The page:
Comparison of the complete consensus sequences for the UPO216 genome with those of known APMV serotypes revealed that UPO216 is most closely related to APMV-1 (64.0% identity), followed by APMV-9 (56.4%), APMV-12 (52.9%), and APMV-13 (50.9%) (Table 4). UPO216 shows low homology with other APMV serotypes (37.0–41.1%).


Table 4. Percentage nucleotide identity of complete genome sequences of APMVs representing groups APMV-1 to APMV-14.

Phylogenetic Analysis

A phylogenetic tree was constructed based on alignment of the complete nt sequences of the UPO216 genome and F gene with those of representative APMV serotypes (Figure 3). Phylogenetic analysis based on the complete sequences revealed that UPO216 formed a separate phylogenetic group along with APMV-1, -9, -12, and -13 (Figure 3A). Within this group, UPO216 is more closely related to APMV-1 and APMV-9 than to APMV-12 and APMV-13. APMV-3 viruses are closely related to APMV-4 viruses, APMV-5 viruses to APMV-6 and APMV-14 viruses, and APMV-8 to APMV-10 and APMV-2 viruses. Similar results were observed for phylogenetic analyses based on F gene sequences (Figure 3B).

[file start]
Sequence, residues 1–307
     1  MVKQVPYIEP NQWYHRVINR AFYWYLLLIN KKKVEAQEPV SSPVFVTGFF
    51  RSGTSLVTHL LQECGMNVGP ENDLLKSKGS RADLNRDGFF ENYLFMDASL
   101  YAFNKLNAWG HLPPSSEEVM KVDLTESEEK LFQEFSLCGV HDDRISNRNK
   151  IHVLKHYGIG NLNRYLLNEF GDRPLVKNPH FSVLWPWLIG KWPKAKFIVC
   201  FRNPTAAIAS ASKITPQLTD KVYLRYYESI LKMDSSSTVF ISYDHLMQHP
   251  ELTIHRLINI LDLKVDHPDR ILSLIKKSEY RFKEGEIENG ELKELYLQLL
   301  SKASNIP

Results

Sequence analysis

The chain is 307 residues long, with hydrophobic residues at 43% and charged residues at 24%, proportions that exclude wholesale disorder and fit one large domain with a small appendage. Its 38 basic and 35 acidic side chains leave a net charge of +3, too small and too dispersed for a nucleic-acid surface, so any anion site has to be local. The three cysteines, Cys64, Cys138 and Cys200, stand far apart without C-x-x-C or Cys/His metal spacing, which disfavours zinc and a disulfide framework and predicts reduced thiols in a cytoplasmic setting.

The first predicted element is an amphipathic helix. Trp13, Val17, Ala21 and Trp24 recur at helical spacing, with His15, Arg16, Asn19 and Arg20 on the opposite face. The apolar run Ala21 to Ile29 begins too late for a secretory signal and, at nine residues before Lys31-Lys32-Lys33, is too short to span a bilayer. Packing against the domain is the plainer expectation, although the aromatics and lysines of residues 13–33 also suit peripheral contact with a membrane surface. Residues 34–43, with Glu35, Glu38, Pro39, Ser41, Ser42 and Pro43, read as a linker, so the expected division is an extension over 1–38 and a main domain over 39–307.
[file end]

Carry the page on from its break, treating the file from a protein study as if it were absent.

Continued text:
Figure 3. Phylogenetic analysis of the UPO216 virus based on the complete sequence of the genome (A) and F gene (B).

Evolutionary Relatedness